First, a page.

Luca Pinot Noir 2008
Pinot Noir from Argentina
Beautiful garnet color with aromas of wild strawberries, saddle leather and cola root. A complex Pinot with notes of leather, spice, and cherry/raspberry confiture on the palate. Amazing aroma and finishes with an enjoyable Burgundian bent. Pairs well with foods such as lamb chops, grilled salmon, roasted duck or chicken, and game birds. Pinot lovers may just go ahead and drink it all by itself!
The Wine Advocate - "The fruit for the 2008 Pinot Noir was sourced from a 15-acre parcel from the Adriana Vineyard made famous by Catena Zapata and aged in 30% new French oak. It displays lovely aromatics of raspberry and cherry, plenty of body, sweet, succulent flavors, a silky texture, and outstanding depth. It should drink well for another 8 years. "
Laura Catena is a fourth generation winemaker who grew up in a traditional Argentine-Italian winemaking family in Mendoza. Laura splits her time between Mendoza and San Francisco, California, where she is an emergency physician, university professor and occasional tango dancer. Laura had the vision of creating a new breed of Argentine wines: small quantities, artisan quality, and true to their individual terroirs. A pioneer of small-grower relations in Mendoza, Laura's incredible, limited production wines come from some of Argentina's best fruit from low-yield, high-elevation, family-owned vineyards. The wines are named after her children - Luca, Dante and Nicola - and the background of the label is the McDermott coat of arms of her American husband, Daniel McDermott. View all Luca Wines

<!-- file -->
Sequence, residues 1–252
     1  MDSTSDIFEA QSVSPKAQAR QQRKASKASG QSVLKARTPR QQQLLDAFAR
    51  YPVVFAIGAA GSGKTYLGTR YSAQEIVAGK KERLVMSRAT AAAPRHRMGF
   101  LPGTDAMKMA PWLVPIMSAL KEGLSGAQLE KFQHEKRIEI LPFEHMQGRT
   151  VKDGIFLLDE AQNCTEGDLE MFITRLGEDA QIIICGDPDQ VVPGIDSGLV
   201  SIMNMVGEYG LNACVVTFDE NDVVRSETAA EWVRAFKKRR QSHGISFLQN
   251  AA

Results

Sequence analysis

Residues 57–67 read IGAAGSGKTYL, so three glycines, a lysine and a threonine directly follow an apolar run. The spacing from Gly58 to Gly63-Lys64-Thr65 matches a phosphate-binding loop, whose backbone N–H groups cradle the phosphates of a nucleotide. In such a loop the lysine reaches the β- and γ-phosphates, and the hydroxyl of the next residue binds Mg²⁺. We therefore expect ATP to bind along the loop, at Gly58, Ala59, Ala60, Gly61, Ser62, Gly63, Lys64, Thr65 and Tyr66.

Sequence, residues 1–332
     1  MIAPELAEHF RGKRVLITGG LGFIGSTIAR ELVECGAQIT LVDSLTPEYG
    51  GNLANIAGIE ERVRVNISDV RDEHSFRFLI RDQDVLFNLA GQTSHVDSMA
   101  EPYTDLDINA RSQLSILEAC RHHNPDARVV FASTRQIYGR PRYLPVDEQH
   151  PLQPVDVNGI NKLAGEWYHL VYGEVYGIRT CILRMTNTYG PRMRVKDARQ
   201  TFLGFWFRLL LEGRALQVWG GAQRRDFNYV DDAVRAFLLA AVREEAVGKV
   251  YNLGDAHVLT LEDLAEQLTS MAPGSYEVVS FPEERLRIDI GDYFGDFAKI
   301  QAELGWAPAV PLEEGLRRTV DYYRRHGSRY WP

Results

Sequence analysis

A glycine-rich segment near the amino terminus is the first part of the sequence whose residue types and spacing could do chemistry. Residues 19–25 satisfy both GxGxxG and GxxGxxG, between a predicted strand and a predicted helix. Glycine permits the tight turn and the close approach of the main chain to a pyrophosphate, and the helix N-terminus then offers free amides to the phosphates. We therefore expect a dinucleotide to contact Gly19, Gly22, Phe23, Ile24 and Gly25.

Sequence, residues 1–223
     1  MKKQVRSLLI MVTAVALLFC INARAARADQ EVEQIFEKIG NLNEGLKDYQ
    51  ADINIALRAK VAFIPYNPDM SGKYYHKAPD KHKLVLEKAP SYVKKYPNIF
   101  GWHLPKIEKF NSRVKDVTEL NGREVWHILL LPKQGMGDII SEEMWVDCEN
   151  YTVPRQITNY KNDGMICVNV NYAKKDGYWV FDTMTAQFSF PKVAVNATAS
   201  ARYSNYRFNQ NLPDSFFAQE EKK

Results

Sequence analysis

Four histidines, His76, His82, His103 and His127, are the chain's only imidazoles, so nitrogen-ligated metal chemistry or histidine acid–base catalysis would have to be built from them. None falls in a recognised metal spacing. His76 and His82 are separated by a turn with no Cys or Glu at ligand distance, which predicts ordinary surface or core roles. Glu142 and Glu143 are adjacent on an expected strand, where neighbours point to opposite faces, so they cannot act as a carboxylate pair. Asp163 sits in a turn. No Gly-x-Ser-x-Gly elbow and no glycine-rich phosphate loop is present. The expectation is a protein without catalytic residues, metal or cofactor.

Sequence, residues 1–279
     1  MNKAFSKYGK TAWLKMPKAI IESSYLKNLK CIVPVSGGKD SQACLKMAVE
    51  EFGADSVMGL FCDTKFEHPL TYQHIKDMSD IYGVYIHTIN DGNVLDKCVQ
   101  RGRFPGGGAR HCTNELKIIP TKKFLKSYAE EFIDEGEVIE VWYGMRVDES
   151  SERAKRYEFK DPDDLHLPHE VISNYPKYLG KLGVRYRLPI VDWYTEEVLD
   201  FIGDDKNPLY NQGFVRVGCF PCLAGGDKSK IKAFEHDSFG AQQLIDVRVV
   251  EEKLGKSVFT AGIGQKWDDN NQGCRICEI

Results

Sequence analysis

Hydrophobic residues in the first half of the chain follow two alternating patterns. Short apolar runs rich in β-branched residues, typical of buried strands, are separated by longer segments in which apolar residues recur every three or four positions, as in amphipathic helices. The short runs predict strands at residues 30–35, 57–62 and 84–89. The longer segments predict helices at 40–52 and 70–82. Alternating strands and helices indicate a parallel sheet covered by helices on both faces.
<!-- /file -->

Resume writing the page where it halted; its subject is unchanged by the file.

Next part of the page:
Notable FactsUnlike its Chilean neighbor, Argentina's vineyards are spread out around the country. The best known region is Mendoza, almost parallel to Santiago to the west. Mendoza contains the sub-regions of Maipu (pronounced MY-pu) and San Rafael. Grape-wise, the most important white is Chardonnay, making wine similar to California's style on the variety. Another fun white grape to try is Torrontes. Almost only grown in Argentina, Torrontes makes wines that are crisp, aromatic and easy-drinking. Some of the best versions of this wine come from the northern region of Salta, with very high altitude vineyards. As for the reds, Cabernet Sauvignon is the main grape for many wines leaving the country, but Malbec, the grape Argentinians like to call their own, makes very distinctive wines that are structured, dense and velvety. Many more varieties happily grow in the country, but for export, and consistent quality, these are the primary grapes.
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